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Johnson & Johnson Committing $800M for Sustainability of Brands

Contact Author Jeb Gleason-Allured
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Starting in 2021, all makeup remover wipes across the North American portfolio will be updated with a plant-based wipe and new recyclable packaging.

Johnson & Johnson is committing $800 million through 2030 to support sustainable product development as part of its Healthy Lives Mission. As part of the initiative, its brands "will aim to use 100% recyclable, reusable or compostable plastic packaging and certified/post-consumer recycled paper- and pulp-based packaging." In addition, the company's brands will strive for full transparency on all of the ingredients used in their products.

Previously: Healthy Scalp Collection from Neutrogena

The move is in response to address the 12.6 million people who reportedly die each year from environmental health risks associated with poor sanitation and dangerous water and air pollution levels.

The company's brands will use 100% recyclable, reusable or compostable plastic packaging and certified/post-consumer recycled paper- and pulp-based packaging by 2025. Meanwhile, Aveeno, Johnson's, Listerine, Neutrogena and OGX are seeking to use 100% recycled plastic in their bottles by 2030.

Breakdown by brand/region:

  • Johnson & Johnson consumer health North America: Starting in 2021, all makeup remover wipes across the North American portfolio will be updated with a plant-based wipe and new recyclable packaging.
  • Johnson's Baby: 100% ingredient transparency disclosure; removing pumps from any products in the United States, Europe, and the Middle East and Africa with less than 500 ml volume, replacing them with a flip-top cap.
  • Neutrogena: Neutrogena Skin Balancing cleansing product line features makeup wipe made with 100% plant-based, home-compostable fibers; its bottles are made of at least 30% recycled material.
  • Listerine: 30% of the flavor oils used in Listerine Cool Mint are traceable all the way to the original farmer; the brand will replace all of its black plastic caps in Europe with clear resin ones to improve recycling quality.
  • Aveeno: The iconic oats in its products are non-GMO, food-grade and sourced from family owned farms that use eco-friendly practices. Currently, 80% of Aveeno bottles in North America are recyclable. The brand will start to use post-consumer recycled plastic in its packaging.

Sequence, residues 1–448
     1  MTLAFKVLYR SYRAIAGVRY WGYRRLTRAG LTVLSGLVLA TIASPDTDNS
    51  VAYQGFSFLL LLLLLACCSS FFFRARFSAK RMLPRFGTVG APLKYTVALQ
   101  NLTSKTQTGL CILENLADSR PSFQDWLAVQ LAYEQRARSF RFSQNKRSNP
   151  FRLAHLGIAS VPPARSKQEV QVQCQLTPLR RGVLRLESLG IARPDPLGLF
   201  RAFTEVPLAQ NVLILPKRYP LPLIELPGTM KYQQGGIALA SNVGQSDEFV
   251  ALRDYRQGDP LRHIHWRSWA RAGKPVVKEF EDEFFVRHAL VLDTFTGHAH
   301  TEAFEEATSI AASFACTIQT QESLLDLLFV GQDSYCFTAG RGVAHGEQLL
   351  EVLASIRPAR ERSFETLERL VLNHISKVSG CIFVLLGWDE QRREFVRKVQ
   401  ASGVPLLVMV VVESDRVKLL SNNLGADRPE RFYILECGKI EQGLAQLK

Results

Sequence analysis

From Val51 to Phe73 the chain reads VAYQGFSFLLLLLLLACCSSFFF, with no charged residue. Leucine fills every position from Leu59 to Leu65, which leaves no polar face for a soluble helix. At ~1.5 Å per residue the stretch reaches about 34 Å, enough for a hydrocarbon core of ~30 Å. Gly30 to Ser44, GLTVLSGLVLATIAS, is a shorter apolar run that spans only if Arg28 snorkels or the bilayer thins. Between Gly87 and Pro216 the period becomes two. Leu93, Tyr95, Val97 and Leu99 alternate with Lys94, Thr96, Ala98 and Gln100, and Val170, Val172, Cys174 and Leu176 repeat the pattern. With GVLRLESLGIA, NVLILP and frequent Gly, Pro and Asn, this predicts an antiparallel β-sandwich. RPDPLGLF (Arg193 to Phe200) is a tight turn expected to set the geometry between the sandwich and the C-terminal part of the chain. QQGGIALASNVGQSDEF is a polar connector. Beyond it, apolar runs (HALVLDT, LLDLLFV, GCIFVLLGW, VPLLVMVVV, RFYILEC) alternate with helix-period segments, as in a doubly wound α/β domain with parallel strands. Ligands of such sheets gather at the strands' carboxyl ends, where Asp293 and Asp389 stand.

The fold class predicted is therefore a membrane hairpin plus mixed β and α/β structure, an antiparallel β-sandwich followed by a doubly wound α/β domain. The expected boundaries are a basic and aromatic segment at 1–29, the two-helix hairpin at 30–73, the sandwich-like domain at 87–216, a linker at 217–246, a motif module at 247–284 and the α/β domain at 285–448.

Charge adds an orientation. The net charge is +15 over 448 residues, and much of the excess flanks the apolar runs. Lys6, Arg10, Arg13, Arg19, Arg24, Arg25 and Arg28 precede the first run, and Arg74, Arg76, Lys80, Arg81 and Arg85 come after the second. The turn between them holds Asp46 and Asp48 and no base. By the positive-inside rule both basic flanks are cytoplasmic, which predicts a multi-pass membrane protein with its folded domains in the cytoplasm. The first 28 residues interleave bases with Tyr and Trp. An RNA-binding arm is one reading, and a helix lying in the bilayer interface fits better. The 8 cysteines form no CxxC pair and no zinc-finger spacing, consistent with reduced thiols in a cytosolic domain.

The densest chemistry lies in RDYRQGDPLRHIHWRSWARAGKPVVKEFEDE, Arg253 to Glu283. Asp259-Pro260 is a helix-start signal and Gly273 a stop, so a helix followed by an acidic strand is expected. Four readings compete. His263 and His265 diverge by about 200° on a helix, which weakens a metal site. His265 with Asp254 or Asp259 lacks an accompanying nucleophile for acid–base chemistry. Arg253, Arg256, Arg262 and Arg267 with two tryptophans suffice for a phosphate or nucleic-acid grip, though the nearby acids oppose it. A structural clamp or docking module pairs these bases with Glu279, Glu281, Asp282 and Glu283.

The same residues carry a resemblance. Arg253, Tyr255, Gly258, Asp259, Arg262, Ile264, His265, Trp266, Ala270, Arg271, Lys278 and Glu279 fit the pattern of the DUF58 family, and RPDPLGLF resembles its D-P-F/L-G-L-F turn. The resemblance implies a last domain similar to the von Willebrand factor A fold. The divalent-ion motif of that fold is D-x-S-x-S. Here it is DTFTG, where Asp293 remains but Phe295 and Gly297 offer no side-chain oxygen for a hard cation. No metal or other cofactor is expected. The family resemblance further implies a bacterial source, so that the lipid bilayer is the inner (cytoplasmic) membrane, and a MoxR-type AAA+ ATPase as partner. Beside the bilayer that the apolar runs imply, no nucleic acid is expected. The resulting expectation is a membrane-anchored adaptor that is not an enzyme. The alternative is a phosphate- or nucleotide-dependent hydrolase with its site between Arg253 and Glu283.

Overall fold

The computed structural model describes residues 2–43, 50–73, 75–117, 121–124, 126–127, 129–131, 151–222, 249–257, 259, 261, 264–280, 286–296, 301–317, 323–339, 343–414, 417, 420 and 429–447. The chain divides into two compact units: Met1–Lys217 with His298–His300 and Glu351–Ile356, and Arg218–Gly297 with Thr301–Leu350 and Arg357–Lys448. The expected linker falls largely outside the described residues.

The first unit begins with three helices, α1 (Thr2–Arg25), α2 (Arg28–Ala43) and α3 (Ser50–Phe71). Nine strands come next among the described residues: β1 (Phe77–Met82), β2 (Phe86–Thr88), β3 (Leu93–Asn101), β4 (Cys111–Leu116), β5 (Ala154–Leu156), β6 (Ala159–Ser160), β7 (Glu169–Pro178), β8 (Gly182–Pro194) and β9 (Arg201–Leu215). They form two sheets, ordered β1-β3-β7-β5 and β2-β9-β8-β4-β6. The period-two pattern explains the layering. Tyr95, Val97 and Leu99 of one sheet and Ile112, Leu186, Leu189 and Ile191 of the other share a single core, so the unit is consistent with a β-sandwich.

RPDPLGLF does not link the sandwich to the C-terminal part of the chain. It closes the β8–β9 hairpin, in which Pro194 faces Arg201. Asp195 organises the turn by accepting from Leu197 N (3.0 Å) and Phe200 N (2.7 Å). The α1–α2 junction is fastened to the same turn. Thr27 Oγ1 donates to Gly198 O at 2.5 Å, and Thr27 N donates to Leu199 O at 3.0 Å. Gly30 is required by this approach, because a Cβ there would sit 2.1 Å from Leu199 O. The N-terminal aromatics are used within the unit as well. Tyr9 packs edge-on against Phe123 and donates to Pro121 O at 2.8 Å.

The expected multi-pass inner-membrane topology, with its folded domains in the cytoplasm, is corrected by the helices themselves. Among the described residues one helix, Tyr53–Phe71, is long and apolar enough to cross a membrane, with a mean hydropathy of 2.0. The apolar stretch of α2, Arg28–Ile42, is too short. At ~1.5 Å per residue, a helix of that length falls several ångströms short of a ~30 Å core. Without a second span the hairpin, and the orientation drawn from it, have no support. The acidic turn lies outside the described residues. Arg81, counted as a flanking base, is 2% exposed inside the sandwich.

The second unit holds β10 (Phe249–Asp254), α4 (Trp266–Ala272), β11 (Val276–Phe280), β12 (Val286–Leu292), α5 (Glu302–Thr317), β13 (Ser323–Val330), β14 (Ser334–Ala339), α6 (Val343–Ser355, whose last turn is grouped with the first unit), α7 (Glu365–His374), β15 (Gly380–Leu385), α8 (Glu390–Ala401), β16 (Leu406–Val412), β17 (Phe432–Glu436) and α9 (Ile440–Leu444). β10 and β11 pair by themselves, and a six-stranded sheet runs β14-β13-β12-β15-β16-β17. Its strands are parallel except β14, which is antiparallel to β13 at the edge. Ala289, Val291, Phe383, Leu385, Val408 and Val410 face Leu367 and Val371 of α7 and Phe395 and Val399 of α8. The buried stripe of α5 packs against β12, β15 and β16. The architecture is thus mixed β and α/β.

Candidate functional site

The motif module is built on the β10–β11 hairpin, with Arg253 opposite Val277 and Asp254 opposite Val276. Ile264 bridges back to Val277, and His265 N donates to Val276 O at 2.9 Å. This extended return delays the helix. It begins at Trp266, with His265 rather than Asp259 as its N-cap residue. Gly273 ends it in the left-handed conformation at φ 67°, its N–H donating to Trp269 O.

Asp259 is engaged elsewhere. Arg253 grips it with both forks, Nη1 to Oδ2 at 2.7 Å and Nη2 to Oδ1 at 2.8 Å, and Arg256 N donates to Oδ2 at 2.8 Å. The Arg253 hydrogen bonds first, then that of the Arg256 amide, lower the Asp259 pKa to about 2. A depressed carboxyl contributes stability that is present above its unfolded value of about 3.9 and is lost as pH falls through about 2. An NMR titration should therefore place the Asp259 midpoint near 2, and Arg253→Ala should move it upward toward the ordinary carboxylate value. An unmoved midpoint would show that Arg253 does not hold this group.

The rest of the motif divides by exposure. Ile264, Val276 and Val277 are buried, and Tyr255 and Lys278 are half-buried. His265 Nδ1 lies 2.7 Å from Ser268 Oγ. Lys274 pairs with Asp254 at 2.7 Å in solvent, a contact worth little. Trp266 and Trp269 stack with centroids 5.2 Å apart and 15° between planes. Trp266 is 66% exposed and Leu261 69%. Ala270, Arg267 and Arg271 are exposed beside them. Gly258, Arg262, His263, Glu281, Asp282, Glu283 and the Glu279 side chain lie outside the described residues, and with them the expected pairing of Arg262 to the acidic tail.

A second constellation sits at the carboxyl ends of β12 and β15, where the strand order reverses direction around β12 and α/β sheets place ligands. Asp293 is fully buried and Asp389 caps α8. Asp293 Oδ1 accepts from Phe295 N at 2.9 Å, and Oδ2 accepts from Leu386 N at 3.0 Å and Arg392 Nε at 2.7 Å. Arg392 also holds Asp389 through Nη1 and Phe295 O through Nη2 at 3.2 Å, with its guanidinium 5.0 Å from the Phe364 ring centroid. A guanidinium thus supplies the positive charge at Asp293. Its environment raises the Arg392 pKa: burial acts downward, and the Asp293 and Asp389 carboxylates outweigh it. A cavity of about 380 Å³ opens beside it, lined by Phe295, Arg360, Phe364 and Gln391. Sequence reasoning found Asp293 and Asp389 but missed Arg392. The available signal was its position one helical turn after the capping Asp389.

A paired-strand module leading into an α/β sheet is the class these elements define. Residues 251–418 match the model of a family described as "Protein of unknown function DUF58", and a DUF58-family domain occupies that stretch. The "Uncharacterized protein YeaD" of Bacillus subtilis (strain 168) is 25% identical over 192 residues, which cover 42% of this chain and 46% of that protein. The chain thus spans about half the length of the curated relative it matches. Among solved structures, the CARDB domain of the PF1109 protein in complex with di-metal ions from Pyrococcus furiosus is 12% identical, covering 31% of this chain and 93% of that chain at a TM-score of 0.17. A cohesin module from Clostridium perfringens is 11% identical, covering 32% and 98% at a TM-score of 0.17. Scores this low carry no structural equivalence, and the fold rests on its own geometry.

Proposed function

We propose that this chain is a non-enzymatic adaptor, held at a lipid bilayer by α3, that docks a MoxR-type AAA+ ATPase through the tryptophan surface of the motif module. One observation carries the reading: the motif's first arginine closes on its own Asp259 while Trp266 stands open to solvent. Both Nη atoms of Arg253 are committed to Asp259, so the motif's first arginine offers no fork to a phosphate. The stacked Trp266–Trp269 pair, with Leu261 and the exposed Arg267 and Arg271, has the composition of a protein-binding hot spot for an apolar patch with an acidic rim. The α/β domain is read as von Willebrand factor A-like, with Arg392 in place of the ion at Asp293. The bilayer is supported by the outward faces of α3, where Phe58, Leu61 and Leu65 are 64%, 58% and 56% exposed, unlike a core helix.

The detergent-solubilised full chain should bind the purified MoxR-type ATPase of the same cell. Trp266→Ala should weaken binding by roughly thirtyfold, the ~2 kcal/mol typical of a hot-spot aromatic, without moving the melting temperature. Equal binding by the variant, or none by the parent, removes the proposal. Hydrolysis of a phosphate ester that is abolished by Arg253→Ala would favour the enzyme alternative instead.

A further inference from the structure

• Le Petit Marseillais: The brand has launched its first organic certified shower gel, a sulfate-free formula made with 98% natural ingredients and packaged in 100% recyclable and refillable bottles. The brand helps fund efforts to conserve the Orchard of Alconis along France’s Mediterranean coast, home to the fruit trees that inspire some of the fragrances in Le Petit Marseillais; therefore, the brand was selected by French consumers as the most sustainable hygiene and beauty brand.
  • OGX: The OGX Purifying+ Charcoal Detox Shampoo and Conditioner bottles have been changed from black to clear, reducing the brand's output of unrecyclable plastic in North America by more than 120,000 pounds.

"We hear from parents that pumps are helpful for one-handed use when holding a baby, but pumps are definitely a tension point when it comes to sustainability, due to a metal component inside that prevents them from being recycled,” says Karen Marchetti, director of global baby franchise, Johnson & Johnson Consumer Health. “As a baby brand, we also need to make sure we are shaping a healthy and sustainable planet for future generations. So we’re making packaging changes to maximize recyclability."

“Our company is focused on health and healthy people—every thing we work on is designed to make people’s lives healthier,” says Katie Decker, global president, essential health, Johnson & Johnson Consumer Health. “How can we continue to do that if we’re not serious about the health of the planet, too?”

"We’re accelerating action to bring forward innovations that can help protect the health of our consumers, their communities and the planet," adds Decker.

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